Another take away is that we are a local funder, but it was clear that there is national impact with our dollars. Through The Fund for the Me Too Movement and Allies, we fund across the country, and that includes FreeFrom which is based in California. We were able to do that in partnership with The Women’s Foundation of California which has its own network of funders and donors that they collaborate with. Funding in this way, in this approach to our grantmaking, only deepens our impact on this issue.

 

You mentioned the Me Too Fund as something that has taken The Foundation’s impact on a national scale. What would you say specifically helps The Foundation stand out in the field of philanthropy when it comes to supporting survivors?

I would point to how we partner with community in our approach to grantmaking. FreeFrom is a great example. Sonya and FreeFrom were recommended to us by Tarana Burke (Tarana Burke, the leader and founder of the ‘me too’ movement co-founded The Fund for the Me Too Movement and Allies with The New York Women’s Foundation). Tarana is part of this community and—more so than The New York Women’s Foundation—is close to the ground in what’s happening and knows local and national leaders who are really pushing the needle on ending gender-based violence. She knew Yolo Akili (founder and executive director of the Black Emotional and Mental Health Collective, or BEAM), another grantee partner of the Me Too Fund, who was also at the summit talking about healing justice and its connection to economic justice. Tarana knew that these were national leaders who are not yet nationally known. They are folks who are having local impact that needs to be on the national level and need investment to do that.

As we do with all our grantmaking, we see our grantee partners as experts. We follow their lead. Some funders are afraid to do that or require a plethora of evidence to feel comfort and security in knowing that’s the step they should take. The Foundation’s comfort in following community lead makes us unique, allowing those who are doing this work the freedom and the dollars to do what they need to do. Whether it’s direct service, policy and advocacy, movement building, developing strong collaborations, building their capacity as leaders, we think it’s all important.  Recognizing partnership in all layers, so partnership of community, partnership with other women’s funds who share our philosophy in funding leaders in this way and having a real participatory approach to grant-making.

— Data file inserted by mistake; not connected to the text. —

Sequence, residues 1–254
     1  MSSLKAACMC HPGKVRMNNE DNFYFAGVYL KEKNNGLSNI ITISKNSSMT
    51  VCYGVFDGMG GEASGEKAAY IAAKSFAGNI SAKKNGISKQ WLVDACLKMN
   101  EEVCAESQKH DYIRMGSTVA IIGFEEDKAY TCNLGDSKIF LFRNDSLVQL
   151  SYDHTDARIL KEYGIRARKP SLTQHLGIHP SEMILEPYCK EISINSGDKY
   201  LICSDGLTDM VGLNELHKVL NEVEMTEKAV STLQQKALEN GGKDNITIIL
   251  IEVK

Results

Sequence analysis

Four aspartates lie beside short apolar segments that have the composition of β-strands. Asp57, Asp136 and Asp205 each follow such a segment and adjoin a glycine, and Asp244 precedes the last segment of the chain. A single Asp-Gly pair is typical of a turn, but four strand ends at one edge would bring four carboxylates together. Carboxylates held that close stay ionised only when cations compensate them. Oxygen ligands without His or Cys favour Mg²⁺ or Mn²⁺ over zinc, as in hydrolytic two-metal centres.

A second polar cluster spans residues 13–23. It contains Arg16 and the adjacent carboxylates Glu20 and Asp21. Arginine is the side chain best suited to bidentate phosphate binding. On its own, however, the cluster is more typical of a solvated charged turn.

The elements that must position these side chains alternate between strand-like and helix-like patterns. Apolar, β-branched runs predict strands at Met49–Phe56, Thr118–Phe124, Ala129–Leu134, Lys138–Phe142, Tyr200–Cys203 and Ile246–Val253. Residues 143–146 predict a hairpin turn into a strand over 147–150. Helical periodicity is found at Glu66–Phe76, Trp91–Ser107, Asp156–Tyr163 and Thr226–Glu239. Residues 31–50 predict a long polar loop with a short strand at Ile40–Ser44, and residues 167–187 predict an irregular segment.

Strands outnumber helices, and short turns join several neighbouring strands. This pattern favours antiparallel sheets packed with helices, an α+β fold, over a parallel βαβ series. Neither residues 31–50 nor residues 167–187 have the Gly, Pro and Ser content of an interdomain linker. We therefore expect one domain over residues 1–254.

One point Yolo Akili of BEAM made during his speech at the summit is that “healing is expensive and healing is a privilege.” Is that something you think can be shifted, say through our grantmaking or through culture change?

Yolo talked about it not just in terms of the work we do, but of how we work. At The Foundation, for the most part we give general operating support and try to be as flexible with our dollars as possible because we know that organizations need to not only resource the work that they do but need resources to work on themselves. Many times people come to this work through personal experience or because they have such deep compassion and empathy for those who have experienced issues or challenges in the community. It’s hard work. Sometimes, some of the same systems that we fight against for one reason or another replicate in our spaces. Oftentimes, it has to do with funding structure. Yolo spoke to the fact that healing justice is an essential part of all the work we do. Not only for the people experiencing these issues, but for the people that are doing the work. At The Foundation, we wholeheartedly agree with him. We have always provided capacity building and leadership development support. We see our partnerships as going beyond grantmaking to developing trusting relationships with grantee partners, where they can share things with us in a no judgement environment.

Again, this is where The Foundation has really shown great leadership and can continue to grow the resources that we invest in capacity-building. It is the same thing we want to do with our collaborative funds as well, making sure that we are not just finding this work, but are funding and supporting the people that are doing this work. At the end of the day, this is about human beings. We very much value the human beings who are doing that work and we demonstrate that through our grantmaking approach and our relationship management approach.

To learn more about FreeFrom and the movement of building survivor wealth, please click here